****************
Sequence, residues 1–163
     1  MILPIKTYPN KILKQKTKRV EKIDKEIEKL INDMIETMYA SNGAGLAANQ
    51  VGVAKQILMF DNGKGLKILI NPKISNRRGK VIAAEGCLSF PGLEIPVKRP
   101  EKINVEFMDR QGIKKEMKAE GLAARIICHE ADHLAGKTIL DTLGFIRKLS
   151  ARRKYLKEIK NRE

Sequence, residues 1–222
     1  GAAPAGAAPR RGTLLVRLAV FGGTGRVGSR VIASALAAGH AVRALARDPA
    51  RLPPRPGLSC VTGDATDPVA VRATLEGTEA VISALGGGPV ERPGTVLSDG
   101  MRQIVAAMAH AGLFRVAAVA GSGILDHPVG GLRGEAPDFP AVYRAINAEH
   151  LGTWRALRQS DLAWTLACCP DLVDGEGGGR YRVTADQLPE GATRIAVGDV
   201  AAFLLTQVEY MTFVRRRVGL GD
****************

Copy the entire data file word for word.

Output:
Sequence, residues 1–163
     1  MILPIKTYPN KILKQKTKRV EKIDKEIEKL INDMIETMYA SNGAGLAANQ
    51  VGVAKQILMF DNGKGLKILI NPKISNRRGK VIAAEGCLSF PGLEIPVKRP
   101  EKINVEFMDR QGIKKEMKAE GLAARIICHE ADHLAGKTIL DTLGFIRKLS
   151  ARRKYLKEIK NRE

Sequence, residues 1–222
     1  GAAPAGAAPR RGTLLVRLAV FGGTGRVGSR VIASALAAGH AVRALARDPA
    51  RLPPRPGLSC VTGDATDPVA VRATLEGTEA VISALGGGPV ERPGTVLSDG
   101  MRQIVAAMAH AGLFRVAAVA GSGILDHPVG GLRGEAPDFP AVYRAINAEH
   151  LGTWRALRQS DLAWTLACCP DLVDGEGGGR YRVTADQLPE GATRIAVGDV
   201  AAFLLTQVEY MTFVRRRVGL GD